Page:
Death and tourism

The link between death and tourism is multifaceted. Travel medicine’s focus is on preparing the traveller for a healthy trip and safe return home. Nevertheless, deaths of travellers happen during travel or at destinations due to illness, accidents or misfortune, or post-travel from a cause acquired during the trip. Such events may be presented as case studies or as statistics, for example, of national tourists dying overseas [4] or visitors dying at a particular location [5]. A death can be the reason for travel, for example, to attend a funeral or to retrieve the body of a loved one. Death can also be the purpose of a trip (‘death tourism’, suicide tourism’, ‘euthanasia tourism’). Travellers may be seeking the services of agencies to arrange voluntary assisted dying not legally available in their home county [6]. Others travel with the plan to commit suicide at a meaningful site (‘the suicide-bridge’) or a romantic or geographical location of significance. Hotels are also places of death. Apart from natural deaths of guests or long-term residents (often celebrities or the wealthy), misadventure, murder and suicides, some people plan to die in a hotel, with or without the knowledge of management, for a number of reasons and subsequent implications for staff and administration [7]. However, ‘travel and death’ represents a much larger concept.

From an anthropological and an existential perspective, Pratt et al. [8] developed a framework representing a death-tourism nexus based on four dimensions (Fig. 1): 1) death perspective dimension (from self to others), 2) death intension dimension (from deliberate to unintentional), 3) death number dimension (from single to multiple) and 4) death involvement dimension (from personal to objective), embedding dark tourism in its appropriate place. This concept and its evolution over time will be presented after, first, exploring the understanding and perception of death throughout history.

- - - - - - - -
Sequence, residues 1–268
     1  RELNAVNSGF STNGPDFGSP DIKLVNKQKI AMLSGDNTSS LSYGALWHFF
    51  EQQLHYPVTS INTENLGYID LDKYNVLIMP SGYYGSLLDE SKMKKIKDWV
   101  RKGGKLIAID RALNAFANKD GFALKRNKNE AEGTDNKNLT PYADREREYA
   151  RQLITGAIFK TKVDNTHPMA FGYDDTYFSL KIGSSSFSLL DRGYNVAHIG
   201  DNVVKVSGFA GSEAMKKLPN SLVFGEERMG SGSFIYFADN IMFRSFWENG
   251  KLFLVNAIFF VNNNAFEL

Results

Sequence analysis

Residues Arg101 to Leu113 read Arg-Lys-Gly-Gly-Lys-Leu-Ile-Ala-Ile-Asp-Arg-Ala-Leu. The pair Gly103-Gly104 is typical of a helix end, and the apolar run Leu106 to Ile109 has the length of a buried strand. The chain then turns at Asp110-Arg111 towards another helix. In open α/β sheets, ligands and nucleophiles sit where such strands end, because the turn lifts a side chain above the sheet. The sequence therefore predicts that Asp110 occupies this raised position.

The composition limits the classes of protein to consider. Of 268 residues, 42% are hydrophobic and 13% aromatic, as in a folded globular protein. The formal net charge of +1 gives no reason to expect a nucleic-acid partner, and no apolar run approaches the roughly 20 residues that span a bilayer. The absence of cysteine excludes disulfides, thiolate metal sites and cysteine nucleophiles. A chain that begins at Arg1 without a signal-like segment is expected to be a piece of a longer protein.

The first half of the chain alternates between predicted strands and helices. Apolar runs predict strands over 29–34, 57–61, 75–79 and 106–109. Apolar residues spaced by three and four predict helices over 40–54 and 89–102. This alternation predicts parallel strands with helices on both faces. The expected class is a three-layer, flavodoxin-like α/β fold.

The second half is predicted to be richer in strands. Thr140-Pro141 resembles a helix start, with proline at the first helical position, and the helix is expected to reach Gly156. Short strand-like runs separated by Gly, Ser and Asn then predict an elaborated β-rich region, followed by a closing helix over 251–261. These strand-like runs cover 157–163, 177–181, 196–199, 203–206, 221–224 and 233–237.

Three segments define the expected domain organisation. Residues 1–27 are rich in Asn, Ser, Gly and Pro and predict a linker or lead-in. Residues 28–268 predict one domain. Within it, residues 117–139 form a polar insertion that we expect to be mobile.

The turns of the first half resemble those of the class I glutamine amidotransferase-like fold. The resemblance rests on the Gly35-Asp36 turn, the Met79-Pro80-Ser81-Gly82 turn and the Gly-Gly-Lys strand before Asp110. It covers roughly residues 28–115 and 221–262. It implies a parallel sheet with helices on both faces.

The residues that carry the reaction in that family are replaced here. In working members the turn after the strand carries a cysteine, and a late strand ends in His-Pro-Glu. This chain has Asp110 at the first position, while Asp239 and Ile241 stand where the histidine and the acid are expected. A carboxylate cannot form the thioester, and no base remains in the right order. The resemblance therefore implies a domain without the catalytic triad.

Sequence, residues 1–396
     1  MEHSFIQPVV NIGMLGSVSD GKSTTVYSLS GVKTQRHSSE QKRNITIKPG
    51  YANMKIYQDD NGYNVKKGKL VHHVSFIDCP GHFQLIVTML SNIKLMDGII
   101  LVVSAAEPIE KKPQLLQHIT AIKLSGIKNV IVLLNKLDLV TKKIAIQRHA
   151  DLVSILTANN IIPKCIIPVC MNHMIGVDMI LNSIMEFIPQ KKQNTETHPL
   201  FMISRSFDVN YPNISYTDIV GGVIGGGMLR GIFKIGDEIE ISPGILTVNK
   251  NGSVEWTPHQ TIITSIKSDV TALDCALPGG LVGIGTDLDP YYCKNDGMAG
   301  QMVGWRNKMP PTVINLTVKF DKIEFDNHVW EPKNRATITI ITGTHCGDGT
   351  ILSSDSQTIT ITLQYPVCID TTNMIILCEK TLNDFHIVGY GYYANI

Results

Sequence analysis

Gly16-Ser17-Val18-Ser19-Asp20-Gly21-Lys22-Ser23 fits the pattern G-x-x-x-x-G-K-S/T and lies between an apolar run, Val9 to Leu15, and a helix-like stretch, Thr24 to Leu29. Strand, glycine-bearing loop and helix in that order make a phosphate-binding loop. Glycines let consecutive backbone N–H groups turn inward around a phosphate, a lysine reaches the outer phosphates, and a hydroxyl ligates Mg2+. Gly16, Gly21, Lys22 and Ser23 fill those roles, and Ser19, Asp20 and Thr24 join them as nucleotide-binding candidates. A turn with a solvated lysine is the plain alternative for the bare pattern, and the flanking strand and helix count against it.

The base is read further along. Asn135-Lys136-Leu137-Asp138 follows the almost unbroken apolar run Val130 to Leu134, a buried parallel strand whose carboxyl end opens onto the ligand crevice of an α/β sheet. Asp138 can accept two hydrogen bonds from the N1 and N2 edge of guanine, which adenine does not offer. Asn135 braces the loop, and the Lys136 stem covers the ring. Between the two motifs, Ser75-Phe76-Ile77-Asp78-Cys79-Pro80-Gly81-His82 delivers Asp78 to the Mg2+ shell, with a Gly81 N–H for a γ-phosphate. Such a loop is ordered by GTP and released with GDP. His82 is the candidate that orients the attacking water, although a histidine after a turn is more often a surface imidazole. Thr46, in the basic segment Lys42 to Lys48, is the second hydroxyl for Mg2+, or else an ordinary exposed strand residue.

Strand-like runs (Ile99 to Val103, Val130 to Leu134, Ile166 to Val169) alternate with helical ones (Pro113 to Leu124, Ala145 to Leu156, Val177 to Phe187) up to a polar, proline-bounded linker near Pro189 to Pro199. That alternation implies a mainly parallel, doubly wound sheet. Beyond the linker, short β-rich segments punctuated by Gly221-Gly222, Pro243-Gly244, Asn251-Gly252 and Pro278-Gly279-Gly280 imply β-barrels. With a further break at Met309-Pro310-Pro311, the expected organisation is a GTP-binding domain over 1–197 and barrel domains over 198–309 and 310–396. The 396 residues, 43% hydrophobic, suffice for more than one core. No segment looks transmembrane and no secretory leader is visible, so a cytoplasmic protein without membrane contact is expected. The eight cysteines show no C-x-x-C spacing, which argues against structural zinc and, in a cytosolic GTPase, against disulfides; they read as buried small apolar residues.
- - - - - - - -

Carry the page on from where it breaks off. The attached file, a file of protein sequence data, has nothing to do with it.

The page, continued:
Fig. 1

Death-Tourism Nexus [8] (used with permission)

The meaning of death throughout history

Knowledge of the medical aspects of death alone does not provide insight into the spiritual and cultural perceptions of the end of life and, subsequently, death’s potential attraction. Thanatopsis, the contemplation of death of oneself or others in recent or distant times, plays a crucial role in understanding changing philosophical approaches to death. French historian Philippe Ariès’ (1914–1984) categories of historically and culturally evolving ‘death mentalities’ have provided a structure for further development in understanding dark tourism [8, 9] and shall serve here for a summarised overview of the gradually changing meaning of death (in Western society) through the last millennium.

The ‘tamed death’ of the Middle Ages embodied a strong familiarity with death where dying, death and mourning was not just a private but also a public affair. Predominantly Church-guided through obedience by terror, death – although feared – was part of human existence. Depictions of (religious) death scenes or a set of memento mori, e.g. danse macabre (dancing skeletons carrying away the dead), and skulls or hourglasses in people’s homes reminded everybody of the physical and spiritual proximity of death [9].

In the late Middle Ages, shared death slowly shifted to the individual ‘death of self’ with the focus on the individual’s personal responsibility for a life that will ultimately determine the verdict on the final Day of Judgment. Highly visible religious thanatoptic displays reminded of the terror of death [10], its individuality also expressed through personalised tombstones [9]. During the Renaissance, a brief shift to the ‘remote and imminent death’ occurred where death could be brutal, strike at any time and one must fear.